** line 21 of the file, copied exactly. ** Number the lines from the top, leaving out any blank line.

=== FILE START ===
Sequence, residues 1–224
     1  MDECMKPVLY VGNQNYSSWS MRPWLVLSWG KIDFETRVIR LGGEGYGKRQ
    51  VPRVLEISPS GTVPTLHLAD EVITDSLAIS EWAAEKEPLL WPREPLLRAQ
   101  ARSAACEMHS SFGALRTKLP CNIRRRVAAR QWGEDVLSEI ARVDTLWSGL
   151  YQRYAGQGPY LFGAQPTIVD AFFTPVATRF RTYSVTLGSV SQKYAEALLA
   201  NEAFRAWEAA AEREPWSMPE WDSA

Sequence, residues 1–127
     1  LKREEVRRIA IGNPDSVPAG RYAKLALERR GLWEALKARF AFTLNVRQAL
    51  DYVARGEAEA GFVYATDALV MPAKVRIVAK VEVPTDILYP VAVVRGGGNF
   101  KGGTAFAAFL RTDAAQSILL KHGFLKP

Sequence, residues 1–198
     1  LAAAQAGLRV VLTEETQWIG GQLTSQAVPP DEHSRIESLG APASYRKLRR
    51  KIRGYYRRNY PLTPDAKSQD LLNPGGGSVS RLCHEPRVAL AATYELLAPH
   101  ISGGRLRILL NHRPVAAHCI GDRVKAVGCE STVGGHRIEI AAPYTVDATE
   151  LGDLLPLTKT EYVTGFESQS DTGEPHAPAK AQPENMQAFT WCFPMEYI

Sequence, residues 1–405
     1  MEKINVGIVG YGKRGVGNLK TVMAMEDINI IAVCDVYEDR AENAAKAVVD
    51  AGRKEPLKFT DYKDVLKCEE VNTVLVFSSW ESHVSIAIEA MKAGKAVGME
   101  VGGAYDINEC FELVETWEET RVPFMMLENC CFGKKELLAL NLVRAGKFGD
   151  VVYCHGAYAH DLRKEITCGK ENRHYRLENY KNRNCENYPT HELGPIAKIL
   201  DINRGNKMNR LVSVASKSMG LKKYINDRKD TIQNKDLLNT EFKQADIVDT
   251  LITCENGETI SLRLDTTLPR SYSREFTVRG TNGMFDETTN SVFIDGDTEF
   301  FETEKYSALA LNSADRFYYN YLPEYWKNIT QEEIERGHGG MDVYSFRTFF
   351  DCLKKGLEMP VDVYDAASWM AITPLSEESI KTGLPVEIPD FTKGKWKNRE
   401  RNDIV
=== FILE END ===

   201  DINRGNKMNR LVSVASKSMG LKKYINDRKD TIQNKDLLNT EFKQADIVDT